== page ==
Since going self-employed in 2007 Mark Almond has seen a sharp increase in the number of companies turning to freelancers when they need extra resources
or an additional business skill to complement their team.
“Using freelance talent often brings cutting-edge skills and perspectives that allow jobs to get done faster and better.
“Freelancers help complete projects quickly, without the staff or recruitment costs of permanent employees. They also provide flexibility so, as your business goals change and new projects arise, you can tap into the specific talent you need to get the job done on a pay-as- you-work basis,’’ he says.
‘’In a competitive market like the bike industry, being able to tap into the best talent available as and when you need it for as long as you need it is a key benefit. Whether the client is a shop, a distributor or a manufacturer, the freelancer can get jobs done within the agreed budget and timescale. It’s cost and time effective,’’ says Almond.
‘’Another advantage is that freelancers often possess a number of highly developed business and management skills in a range of industries. This tends to mean a lot of new ideas and an extra knowledge base to tap into for general business matters.”
Despite these advantages some companies still prefer to recruit permanent staff only. Often, the perceived lack of control and accountability of a freelancer deters some businesses from employing them. Almond accepts this as a fairly common perception but one that is quickly changing across the industry.
‘’I can fully understand this viewpoint. However, a freelancer need not be treated any differently to a permanent team member,’’ he claims.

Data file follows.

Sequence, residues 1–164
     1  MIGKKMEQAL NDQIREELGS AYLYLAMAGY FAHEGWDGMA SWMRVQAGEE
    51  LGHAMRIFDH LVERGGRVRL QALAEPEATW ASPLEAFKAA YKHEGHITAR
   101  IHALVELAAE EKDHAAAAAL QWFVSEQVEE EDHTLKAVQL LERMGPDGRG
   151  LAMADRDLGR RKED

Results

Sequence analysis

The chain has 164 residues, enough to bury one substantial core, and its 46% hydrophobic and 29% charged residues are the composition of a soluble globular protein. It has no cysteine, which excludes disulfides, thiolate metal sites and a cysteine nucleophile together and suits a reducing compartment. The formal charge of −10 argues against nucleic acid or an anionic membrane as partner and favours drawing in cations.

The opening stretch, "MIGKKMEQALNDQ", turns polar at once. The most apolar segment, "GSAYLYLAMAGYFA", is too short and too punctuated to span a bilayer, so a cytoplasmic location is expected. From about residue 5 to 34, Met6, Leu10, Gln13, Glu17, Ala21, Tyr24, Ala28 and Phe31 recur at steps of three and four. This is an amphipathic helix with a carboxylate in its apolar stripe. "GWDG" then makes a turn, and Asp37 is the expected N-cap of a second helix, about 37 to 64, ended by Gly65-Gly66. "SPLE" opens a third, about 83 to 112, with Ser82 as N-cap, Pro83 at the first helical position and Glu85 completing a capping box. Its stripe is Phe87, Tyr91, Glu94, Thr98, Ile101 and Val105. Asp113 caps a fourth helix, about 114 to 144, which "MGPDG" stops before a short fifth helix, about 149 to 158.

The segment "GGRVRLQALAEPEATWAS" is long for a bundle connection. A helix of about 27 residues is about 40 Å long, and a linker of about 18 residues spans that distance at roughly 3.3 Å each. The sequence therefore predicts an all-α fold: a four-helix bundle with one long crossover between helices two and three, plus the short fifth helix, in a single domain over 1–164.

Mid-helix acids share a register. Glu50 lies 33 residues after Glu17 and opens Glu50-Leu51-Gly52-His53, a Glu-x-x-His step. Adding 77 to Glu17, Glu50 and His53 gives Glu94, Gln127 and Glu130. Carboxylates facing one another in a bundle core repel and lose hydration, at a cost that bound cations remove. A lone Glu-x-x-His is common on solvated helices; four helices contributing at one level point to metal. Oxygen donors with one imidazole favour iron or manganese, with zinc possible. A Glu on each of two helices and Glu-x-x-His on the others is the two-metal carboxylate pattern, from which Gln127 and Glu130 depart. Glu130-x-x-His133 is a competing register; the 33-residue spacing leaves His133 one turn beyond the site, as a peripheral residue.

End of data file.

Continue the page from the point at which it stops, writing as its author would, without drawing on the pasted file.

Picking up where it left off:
‘’I would always advise a contract be drawn up as it would for a staff member. A good freelancer will happily sign it, agree objectives and targets, fully immerse into a company’s culture and become an integral part of the team. Freelancers rely heavily on references from past employers for future work. As such they will always give 110 per cent to your company for the duration of their time with you. That’s a nice guarantee to have when you take on new staff,’’ Almond adds.
Since starting his own business, Almond has freelanced for some of the best-known names in the industry starting with Fisher Outdoor Leisure at the end of 2007. As interim marketing communications manager, he joined at the same time as Leanne Wellings, Fisher’s marketing manager, and within days they were working together on projects such as Expo 08, implementing advertising plans and increasing press coverage for Fisher’s brands.
‘’It was a great time to join Fisher and I enjoyed it immensely. It was a case of hitting the ground running and working with Leanne towards the company’s marketing objectives. I immediately felt part of the team there and hopefully played my part in Fisher’s success in 2008.”
Since then he has put together marketing activity for a number of local bike shops and bike events. In this time the flexible advantages of freelancers have been repeatedly confirmed to him by fellow freelancers and clients alike.
‘’Freelancers, managed correctly, can be one of the best investments your business can make. How else, for example, could you gain a hugely experienced and widely skilled individual for the cost of an assistant level employee? In these economic times, maximum return is needed on all outgoings. Freelancers offer you this bang-for-buck and, importantly, on your terms.’’
Mark can be contacted via email: firstname.lastname@example.org or by phone on 07739 302698